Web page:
Justice

Albuquerque Police Officers Actually Charged With Murder For On-Duty Shooting

CREDIT: AP Photo/Juan Labreche

In this Oct. 26, 2013 photo, a wrecked Albuquerque Police Department cruiser and body of a suspected shooter are seen at a Phillips 66 gas station in Albuquerque, N.M., following a high-speed chase and an officer-involved shooting.

Two officers will be charged with murder in Albuquerque over the March 2014 fatal shooting of a homeless man, the district attorney announced this week. The charges come in a city that has seen a spate of police killings far disproportionate to its size, and a finding by the Department of Justice that the majority of a spate of police killings violated the U.S. Constitution.

In the killing at issue here, police fired on a homeless, mentally disturbed man who appeared to be surrendering at the time. Officers first approached 38-year-old James Boyd while he was sleeping in the Albuquerque foothills to talk to him about illegally camping. Video of the incident appears to show that he had agreed to walk down the mountain with officers, when one of them fired a flashbang device that disoriented him, and deployed a police dog. Boyd then pulled out two knives and started to run away from police, appearing at one point to tell officers he was agent for the Department of Defense, when the shots were fired.

The police department initially said the shooting was “justified,” but later conceded under public pressure that may have been a mistake. The shooting of Boyd was one of two controversial police shootings in a period of less than ten days, and one of more than 37 in the city since 2010, 23 of them fatal. To put this volume in context, New York City saw about the same number of shootings during that period for a population that is 15 times as high, according to the ACLU of New Mexico.

In a demonstration of outrage, the city erupted in protest for 10 hours in late March, escalating into what Mayor Richard Berry called “mayhem” as officers clashed with protesters, donning riot gear and deploying tear gas.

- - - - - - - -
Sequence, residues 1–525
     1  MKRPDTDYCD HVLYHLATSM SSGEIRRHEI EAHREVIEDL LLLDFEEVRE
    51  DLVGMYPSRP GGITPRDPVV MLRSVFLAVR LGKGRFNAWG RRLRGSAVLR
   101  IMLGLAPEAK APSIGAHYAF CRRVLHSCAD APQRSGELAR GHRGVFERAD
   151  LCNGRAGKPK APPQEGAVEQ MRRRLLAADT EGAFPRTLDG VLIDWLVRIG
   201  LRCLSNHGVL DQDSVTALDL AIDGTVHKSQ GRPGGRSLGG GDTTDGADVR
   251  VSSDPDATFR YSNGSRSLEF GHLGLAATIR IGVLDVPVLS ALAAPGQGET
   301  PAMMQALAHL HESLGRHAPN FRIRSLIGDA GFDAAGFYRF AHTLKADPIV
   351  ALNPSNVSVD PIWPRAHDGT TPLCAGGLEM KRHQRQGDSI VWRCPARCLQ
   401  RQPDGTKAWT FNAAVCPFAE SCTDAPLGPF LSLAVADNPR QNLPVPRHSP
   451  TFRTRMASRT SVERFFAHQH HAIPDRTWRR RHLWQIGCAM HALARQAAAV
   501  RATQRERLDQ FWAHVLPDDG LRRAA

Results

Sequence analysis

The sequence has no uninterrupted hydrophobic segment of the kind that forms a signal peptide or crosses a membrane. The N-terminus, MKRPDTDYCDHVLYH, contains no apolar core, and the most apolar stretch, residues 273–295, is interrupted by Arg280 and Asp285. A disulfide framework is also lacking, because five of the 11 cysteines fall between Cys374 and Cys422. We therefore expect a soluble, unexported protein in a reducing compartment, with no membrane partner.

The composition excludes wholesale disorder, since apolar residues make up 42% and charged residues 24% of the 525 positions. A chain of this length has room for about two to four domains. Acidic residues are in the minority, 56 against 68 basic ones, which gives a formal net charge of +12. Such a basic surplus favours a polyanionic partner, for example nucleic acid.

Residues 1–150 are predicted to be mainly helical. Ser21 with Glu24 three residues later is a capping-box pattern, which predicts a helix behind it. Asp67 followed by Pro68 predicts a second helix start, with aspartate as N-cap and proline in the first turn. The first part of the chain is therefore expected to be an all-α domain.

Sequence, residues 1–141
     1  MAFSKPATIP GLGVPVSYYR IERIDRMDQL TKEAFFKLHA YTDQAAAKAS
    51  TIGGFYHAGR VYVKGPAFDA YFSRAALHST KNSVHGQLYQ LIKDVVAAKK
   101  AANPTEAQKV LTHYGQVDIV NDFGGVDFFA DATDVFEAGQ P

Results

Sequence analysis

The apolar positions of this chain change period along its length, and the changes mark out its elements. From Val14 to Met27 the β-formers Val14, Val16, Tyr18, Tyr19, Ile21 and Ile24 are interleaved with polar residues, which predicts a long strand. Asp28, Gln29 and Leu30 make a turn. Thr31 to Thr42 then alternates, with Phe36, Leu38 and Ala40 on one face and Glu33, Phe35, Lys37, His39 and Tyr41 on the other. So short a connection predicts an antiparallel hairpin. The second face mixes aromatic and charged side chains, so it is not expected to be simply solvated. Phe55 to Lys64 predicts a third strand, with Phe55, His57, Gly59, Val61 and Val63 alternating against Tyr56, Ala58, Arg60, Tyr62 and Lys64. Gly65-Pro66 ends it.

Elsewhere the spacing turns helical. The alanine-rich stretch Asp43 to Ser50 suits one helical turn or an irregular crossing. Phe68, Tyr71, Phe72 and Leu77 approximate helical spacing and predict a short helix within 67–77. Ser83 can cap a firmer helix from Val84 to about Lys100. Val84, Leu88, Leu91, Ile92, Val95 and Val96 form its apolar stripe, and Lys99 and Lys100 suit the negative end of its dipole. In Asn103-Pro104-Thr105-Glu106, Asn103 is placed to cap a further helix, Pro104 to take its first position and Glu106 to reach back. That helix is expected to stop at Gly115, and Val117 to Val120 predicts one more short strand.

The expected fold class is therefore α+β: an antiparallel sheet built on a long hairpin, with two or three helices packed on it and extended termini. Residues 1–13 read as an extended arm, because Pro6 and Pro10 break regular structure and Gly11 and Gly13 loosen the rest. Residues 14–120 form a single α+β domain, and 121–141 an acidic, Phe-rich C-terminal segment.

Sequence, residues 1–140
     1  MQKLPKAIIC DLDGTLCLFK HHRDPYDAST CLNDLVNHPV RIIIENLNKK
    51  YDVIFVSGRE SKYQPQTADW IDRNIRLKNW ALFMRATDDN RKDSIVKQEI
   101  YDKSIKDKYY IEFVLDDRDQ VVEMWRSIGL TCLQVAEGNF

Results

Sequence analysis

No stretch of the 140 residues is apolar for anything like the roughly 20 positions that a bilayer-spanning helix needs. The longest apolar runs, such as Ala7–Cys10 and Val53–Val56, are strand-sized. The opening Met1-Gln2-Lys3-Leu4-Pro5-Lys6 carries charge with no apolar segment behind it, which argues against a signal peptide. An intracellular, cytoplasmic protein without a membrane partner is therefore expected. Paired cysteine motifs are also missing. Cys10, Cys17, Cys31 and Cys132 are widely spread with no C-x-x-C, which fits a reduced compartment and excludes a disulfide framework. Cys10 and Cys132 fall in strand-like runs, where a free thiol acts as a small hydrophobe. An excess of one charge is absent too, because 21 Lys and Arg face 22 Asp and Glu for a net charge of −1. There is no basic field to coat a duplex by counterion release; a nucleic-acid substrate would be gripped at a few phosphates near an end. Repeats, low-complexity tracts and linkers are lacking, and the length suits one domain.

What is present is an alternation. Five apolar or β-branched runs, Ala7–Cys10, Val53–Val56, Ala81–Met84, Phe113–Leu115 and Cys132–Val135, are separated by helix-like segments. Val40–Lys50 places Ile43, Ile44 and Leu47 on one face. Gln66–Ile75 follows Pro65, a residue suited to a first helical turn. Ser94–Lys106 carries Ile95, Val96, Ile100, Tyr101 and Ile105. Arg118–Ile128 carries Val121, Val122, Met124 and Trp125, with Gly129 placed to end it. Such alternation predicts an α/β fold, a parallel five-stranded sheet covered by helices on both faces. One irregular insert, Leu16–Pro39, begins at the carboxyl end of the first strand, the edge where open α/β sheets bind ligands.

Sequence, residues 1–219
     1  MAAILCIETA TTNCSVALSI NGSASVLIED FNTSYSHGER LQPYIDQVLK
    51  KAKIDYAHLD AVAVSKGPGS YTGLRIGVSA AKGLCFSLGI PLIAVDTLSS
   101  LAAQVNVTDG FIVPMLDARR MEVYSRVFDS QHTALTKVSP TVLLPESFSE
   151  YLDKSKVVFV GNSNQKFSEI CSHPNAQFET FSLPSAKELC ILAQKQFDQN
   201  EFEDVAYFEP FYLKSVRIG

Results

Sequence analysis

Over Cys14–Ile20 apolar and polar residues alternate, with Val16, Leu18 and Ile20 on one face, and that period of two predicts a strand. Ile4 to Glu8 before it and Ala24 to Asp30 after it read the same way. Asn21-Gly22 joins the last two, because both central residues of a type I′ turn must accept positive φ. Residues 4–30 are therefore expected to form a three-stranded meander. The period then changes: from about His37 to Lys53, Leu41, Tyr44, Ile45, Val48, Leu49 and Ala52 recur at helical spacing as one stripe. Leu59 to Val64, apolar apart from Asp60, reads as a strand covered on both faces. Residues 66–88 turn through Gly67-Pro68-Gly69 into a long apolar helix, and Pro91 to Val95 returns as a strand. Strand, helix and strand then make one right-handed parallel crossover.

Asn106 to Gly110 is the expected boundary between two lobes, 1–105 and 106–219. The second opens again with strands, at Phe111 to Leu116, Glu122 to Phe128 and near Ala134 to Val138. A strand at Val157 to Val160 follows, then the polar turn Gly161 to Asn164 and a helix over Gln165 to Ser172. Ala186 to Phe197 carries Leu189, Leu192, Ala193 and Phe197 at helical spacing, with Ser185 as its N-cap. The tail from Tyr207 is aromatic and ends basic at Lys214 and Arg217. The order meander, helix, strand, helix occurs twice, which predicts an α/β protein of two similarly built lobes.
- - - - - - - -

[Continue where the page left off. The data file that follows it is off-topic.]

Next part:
In retrospect, the images coming out of that protest provided a foreboding preview of clashes to come in Ferguson, New York City, and elsewhere, where grand juries ultimately did not file any charges against the officers who killed unarmed victims and illuminated the epidemic failure to hold police accountable for what many perceive as brutality. But this week, the narrative changed course in New Mexico. Bernalillo County District Attorney Kari Brandenburg did not take the case before a grand jury. And she did not find the use of deadly force “justified.” Instead, she will charge two officers with the highest possible charge of first-degree murder, according to the New Mexico Political Report.

A contributing factor may be the role of the federal government in the city. While a federal investigation of the Boyd incident has not yet yielded any civil rights charges, the federal government did exercise its other power to curb police brutality via a citywide investigation of police brutality. The so-called “pattern and practice” investigations that the Justice Department has deployed in some 20 cities over the past five years may have had some of the most sweeping impact in curbing police brutality under Attorney General Eric Holder.

Albuquerque is now under federal monitoring and subject to an agreement known as a consent decree, after the Justice Department investigation yielded scathing findings that a majority of the Albuquerque police department’s 20 fatal shootings between 2009 and 2012 were unconstitutional.

While filing charges is not among the changes mandated in the agreement with the Justice Department, it may have influenced the culture and attitudes of government officials, as the report found that a select number of officers were responsible for a disproportionate number of violent incidents, and that those individuals were not punished or corrected in any way after their actions.